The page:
[This is a homily I gave on the feast of the Dormition (Assumption) of the Mother of God, ten years ago. Thanks be to God, all his mysteries are timeless!]
Why are we going through all of this trouble today, this ritual and ceremony with flowers and incense and candles and song and vestments and all the rest? To the whole world, this is just another day, but in this little space, it has been transformed into a great and holy celebration. What we’re celebrating is our Mother! Now, if something glorious and miraculous happened to your own mother, you would certainly be filled with joy and want to share in that wonderful thing. And when other people learned about what great things God had done for your mother, you would be so proud, and you would say, “That’s my mother!”
Well, it’s our Mother that we’re celebrating today. We’re celebrating the great things that God has done in her. But it’s not just our Mother that we’re celebrating. We’re celebrating the ultimate meaning of our lives and our eternal destiny in the Kingdom to come—that’s the profundity of the mystery of the dormition and assumption of the Mother of God. It’s not just for her glory that we’re doing this—of course, it is to a certain extent, and we should be glad for all that God has done in her life and all that she does for us, through her intercession and her maternal protection and presence in our lives—but it still goes beyond that. There’s a mystery of our salvation that’s being expressed here in the dormition and bodily assumption of the Mother of God.
Sometimes when I give retreat talks on subjects that relate to this, I ask, “What is it that confirms Christ’s promises to us about everlasting life and the resurrection of the dead that we say in the Creed?” And nobody ever gets it! They sit there, scratching their heads, and come up with some far-fetched replies to this. But this mystery is the answer: the fact that Christ has raised up his Mother, body and soul, and glorified her in Heaven, proves to us that He’s good for his word! For Himself, He rose from the dead by his own power. He had the power to lay down his life and the power to take it up again. But Mary did not, and we do not: we can’t raise ourselves up from the dead. Now the Lord told us that this resurrection is something that we can expect, too, and that should be enough for us. But the Lord gives us a little more: Not only am I going to tell you that I’m going to do this for you, I’m going to start it off. I’m going to give you an example. I’m going to do it for one of you, and you will see that this is what is meant for all of you.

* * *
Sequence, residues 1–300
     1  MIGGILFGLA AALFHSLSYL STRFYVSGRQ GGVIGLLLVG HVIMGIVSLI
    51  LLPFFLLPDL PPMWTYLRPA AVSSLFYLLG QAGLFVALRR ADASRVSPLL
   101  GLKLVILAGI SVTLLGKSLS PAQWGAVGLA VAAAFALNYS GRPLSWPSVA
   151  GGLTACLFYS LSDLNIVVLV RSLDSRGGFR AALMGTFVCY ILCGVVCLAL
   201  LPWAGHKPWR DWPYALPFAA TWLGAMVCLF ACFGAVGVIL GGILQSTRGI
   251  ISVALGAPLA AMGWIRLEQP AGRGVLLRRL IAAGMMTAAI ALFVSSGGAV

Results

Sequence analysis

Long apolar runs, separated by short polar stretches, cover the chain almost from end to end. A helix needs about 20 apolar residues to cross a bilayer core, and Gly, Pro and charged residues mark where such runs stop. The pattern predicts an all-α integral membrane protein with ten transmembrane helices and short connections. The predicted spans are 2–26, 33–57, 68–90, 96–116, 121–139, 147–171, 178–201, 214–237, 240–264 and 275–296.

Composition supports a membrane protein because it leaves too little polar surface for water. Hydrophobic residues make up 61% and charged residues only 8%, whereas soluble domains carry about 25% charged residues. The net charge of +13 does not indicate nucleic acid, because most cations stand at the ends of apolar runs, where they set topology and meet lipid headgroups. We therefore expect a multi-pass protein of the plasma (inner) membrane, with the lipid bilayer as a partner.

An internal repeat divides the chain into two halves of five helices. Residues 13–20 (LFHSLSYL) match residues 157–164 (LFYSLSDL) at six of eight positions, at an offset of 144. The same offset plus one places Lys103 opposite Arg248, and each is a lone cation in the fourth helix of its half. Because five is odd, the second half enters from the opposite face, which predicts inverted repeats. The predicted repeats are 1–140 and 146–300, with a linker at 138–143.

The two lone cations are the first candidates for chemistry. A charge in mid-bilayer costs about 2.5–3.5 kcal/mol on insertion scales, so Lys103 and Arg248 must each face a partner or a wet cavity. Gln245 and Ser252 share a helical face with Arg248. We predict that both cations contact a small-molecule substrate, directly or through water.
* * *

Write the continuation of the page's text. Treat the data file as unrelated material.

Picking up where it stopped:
Thus Our Lady, in her own being, in her own state of glory and perfection before the face of God in Heaven, is what God is telling us we are going to be—that what she is, as the icon, the image of the Bride, of the Church of Christ, is something that we are to share in. All this is something that God has done out of his everlasting love for us. We see, in the Letter to the Philippians today, the passage about the Incarnation, about the self-emptying of Christ: his descent into this world. He, being in the form of God, came to us in the form of man, literally, “in the form of a slave.” He became one of us. He came down so that Mary, and we with her, could go up. As the fathers say, “God became man so that we can become like God.” So this mystery of Christ’s self-emptying and descent unto suffering and death, is the sine qua non of our exaltation, of our going up to Heaven where He has been from all eternity. That is why this reading from St Paul is chosen, to show that the descent of Christ and his subsequent exaltation is the foundation for the ascension, the resurrection, the glorification of each one of us, and in a special way of Our Lady, because she has gone before us as the witness to everything that God is going to do with us, and the manifestation of it in her own person.
So what are we to do now? We have this mystery placed before us; it looks so wonderful, and it is, and it should inspire us with much hope and motivation to hear the word of God and keep it. What is sometimes recommended, for our living the mystery and being faithful to God, is the imitation of Christ and his Mother, in their holiness of life. Now, I don’t much like the term “imitation,” and neither did the fathers, because “imitation” sounds too much like a sort of mimicking or external reproducing of words and actions. But literally that’s impossible, simply because we can’t do and say everything that Christ and Our Lady did, and we’re in a completely different historical and cultural context, and we have different and unique personalities and temperaments and capacities and life histories, which have an effect on the way we think and act. So the fathers, rather than speak of imitation, speak more of participation, of communion, of transfiguration.